‘His Contributions Will Remain an Invaluable Legacy’ in Fairfax

‘His Contributions Will Remain an Invaluable Legacy’ in Fairfax

Brian Knapp feted for 23 years of service to parks.


<36hd>‘His Contributions Will Remain an Invaluable Legacy’

Brian Knapp feted for 23 years of service to parks.

<1b>By Bonnie Hobbs

<2b>The Connection

Needing to be a Fairfax City resident for a year before being eligible to serve on one of its boards or commissions, Brian Knapp could hardly wait to volunteer after moving here. And, said former Mayor David Meyer, “As soon as he was able to serve his community, he did so.”

On July 27, 1999, Knapp was appointed to the City’s Parks and Recreation Advisory Board (PRAB), on which he served 23 years, including as its chairman since 2002. He also served 15 years on NOVA Parks, which operates 33 regional parks.

And at Fairfax City Council’s Jan. 10 meeting, the City gave him a framed proclamation honoring him for all he’s done. Meyer presented it because this ceremony was supposed to have happened last year (while he was still mayor), but was delayed.

Reading the proclamation, Meyer said Knapp served during the tenure of three, City Parks and Rec directors and “supported transformative initiatives in the City’s recreational program.” These included the construction of the Sherwood Community Center and the opening of the Stafford Drive, Draper Drive and Ted Grefe parks.

Other milestones occurring during his watch were the refurbishment of Van Dyck Park, the repurposing of the Green Acres School into a recreation center/senior center, and the repurposing of the Westmore school site into a place for recreation, as well as a dog park. Knapp was also instrumental in planning the George Snyder Trail and helping PRAB develop its first Parks and Recreation Master Plan in 2014.

Council first appointed Knapp to the Northern Virginia Regional Park Authority in 2007. And during his time on this entity, he helped it develop two, strategic, five-year plans, rebrand itself as NOVA Parks and, said Meyer, become “one of the premier, regional-park organizations in the United States.”

In addition, Knapp served on the City’s Open Space Task Force that added more than 45 acres of undeveloped land to Fairfax’s inventory of open space. He also joined the Task Force on Children and Families, which strengthened communication to City residents about programs catering to children and teens. And he did all these things while also serving as an active leader of Boy Scout Troop 1113 of St. Leo’s Catholic Church.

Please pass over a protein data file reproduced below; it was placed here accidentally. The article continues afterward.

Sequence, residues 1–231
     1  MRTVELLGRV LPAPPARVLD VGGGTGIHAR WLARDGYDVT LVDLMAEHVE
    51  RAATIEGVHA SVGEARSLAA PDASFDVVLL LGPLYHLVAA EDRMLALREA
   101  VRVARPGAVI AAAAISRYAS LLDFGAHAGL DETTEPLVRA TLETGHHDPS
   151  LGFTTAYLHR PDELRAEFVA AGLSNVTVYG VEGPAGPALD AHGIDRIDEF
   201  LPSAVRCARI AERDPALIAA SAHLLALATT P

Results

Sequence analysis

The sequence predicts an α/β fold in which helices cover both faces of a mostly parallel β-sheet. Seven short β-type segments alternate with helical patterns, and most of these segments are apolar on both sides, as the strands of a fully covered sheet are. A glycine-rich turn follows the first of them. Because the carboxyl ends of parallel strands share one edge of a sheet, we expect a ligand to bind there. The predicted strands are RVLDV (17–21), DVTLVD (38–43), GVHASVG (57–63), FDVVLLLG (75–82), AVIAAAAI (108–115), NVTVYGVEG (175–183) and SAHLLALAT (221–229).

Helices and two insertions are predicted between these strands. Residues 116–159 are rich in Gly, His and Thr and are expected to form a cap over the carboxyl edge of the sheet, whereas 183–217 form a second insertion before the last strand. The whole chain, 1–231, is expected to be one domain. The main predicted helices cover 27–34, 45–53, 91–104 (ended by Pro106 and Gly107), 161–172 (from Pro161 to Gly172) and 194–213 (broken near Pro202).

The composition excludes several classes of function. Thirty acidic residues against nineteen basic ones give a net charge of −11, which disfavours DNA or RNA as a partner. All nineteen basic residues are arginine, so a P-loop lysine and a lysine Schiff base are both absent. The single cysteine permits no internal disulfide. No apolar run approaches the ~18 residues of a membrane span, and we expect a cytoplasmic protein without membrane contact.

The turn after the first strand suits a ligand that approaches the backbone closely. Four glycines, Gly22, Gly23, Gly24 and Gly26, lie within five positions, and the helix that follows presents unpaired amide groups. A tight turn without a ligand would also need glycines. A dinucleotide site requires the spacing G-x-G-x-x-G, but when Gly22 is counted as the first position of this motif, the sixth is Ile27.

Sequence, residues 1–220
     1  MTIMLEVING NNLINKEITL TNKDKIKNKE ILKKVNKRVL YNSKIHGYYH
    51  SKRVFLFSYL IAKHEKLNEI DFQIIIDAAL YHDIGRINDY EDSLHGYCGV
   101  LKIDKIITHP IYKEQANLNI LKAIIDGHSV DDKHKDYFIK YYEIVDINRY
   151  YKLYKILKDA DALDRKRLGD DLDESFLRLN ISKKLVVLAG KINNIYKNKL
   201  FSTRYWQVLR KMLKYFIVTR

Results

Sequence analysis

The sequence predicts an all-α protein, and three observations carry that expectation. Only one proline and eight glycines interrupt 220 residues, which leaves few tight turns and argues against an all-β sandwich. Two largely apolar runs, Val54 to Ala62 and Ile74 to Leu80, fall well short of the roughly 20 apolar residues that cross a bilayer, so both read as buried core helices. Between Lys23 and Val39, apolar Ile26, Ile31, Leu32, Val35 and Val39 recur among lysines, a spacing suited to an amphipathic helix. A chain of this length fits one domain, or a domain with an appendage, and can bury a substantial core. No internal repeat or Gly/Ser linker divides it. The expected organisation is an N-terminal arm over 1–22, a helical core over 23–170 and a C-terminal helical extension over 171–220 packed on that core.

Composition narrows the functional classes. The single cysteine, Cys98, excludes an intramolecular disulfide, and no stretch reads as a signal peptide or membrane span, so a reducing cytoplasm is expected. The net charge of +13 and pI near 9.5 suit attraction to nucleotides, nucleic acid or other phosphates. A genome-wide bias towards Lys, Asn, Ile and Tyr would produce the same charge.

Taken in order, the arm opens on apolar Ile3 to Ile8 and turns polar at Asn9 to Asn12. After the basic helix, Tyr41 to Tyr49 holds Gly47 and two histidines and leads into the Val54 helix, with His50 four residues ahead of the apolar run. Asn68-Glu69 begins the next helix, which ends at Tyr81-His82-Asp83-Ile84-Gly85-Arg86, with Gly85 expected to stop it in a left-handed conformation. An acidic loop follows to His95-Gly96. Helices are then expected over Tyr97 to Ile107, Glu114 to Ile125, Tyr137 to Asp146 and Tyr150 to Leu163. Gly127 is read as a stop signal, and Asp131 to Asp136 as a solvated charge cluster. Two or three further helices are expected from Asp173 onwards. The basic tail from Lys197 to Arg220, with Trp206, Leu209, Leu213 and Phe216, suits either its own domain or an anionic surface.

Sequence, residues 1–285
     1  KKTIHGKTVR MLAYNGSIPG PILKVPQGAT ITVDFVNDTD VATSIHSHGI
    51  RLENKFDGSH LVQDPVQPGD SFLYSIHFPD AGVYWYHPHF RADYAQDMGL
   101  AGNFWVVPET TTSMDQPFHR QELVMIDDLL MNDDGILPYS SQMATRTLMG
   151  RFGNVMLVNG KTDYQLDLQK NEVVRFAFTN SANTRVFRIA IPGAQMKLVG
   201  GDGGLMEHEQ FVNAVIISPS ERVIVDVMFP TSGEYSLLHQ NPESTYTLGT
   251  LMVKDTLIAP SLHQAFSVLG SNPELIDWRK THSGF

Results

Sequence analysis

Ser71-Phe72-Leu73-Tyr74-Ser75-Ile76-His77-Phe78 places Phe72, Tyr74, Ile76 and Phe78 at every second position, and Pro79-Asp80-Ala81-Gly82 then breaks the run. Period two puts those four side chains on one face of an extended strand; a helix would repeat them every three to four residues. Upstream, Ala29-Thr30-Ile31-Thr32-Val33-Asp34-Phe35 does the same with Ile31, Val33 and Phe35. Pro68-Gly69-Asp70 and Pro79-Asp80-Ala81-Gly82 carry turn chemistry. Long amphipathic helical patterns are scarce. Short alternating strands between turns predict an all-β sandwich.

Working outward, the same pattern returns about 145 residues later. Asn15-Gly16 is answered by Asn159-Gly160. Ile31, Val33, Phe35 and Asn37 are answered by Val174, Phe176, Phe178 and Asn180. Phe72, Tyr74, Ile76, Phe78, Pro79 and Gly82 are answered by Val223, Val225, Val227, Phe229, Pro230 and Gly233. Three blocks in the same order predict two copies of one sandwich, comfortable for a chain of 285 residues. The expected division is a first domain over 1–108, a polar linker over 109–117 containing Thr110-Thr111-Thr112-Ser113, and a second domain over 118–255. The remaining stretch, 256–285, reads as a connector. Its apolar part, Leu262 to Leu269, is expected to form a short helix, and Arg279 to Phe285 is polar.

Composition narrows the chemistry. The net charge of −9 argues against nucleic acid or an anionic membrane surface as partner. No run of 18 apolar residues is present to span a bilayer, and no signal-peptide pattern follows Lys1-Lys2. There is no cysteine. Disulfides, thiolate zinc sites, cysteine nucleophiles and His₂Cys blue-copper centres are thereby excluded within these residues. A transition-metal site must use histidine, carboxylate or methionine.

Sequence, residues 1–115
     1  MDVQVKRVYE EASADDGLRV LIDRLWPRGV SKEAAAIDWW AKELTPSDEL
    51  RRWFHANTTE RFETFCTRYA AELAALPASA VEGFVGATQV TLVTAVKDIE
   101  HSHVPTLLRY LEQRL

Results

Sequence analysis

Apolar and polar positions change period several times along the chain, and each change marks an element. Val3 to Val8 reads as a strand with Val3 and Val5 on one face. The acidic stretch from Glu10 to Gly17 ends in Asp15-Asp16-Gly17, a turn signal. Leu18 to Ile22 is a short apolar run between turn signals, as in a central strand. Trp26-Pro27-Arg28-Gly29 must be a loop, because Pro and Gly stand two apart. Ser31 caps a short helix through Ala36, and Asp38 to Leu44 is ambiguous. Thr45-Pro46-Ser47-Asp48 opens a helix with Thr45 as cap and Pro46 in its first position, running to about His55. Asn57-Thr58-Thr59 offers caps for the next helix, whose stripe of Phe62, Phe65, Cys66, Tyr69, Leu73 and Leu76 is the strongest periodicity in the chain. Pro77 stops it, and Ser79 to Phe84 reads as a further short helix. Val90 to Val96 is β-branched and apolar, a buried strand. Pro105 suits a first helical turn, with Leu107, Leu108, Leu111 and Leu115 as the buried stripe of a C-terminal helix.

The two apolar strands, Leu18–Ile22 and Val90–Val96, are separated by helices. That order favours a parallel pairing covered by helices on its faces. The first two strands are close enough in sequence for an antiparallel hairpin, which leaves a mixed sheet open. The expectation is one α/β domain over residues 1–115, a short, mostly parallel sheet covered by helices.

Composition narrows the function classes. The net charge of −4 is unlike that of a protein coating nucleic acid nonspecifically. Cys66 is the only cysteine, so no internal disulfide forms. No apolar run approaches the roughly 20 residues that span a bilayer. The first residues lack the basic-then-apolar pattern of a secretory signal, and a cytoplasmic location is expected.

Meyer then expressed his “heartfelt and profound” appreciation to Knapp, on behalf of all the Fairfax residents, for Knapp’s “tireless and effective advocacy and superior leadership of Parks and Recreation programs and facilities in the City of Fairfax and the Northern Virginia region. We are blessed beyond measure for Brian Knapp’s contributions – which will remain an invaluable legacy for many generations in the future.”

Then it was Knapp’s turn to speak, and he first thanked his wife Mary and son David for their support of him throughout the years that made what he accomplished possible. “I got to serve with great people and fellow volunteers in the City and regionally,” he said. “I got to know people from so many different groups in the City.

“It was a real honor to serve with so many powerful, distinguished individuals who, in their own right, had done so many other things in their lives. They, too, were giving their time to help out in Parks and Rec. And I’d also like to thank all the professionals I got to know during that time – people who give time, energy and passion to something we all love: recreation.”

Knapp thanked, as well, former City mayors John Mason, Robert Lederer, Scott Silverthorne and Meyer for all he was able to achieve under their leadership, plus the guidance of City Council. “This is teamwork, and I’m really grateful to be honored by all of you, this evening,” said Knapp. “It’s been a wonderful ride; thank you very much.”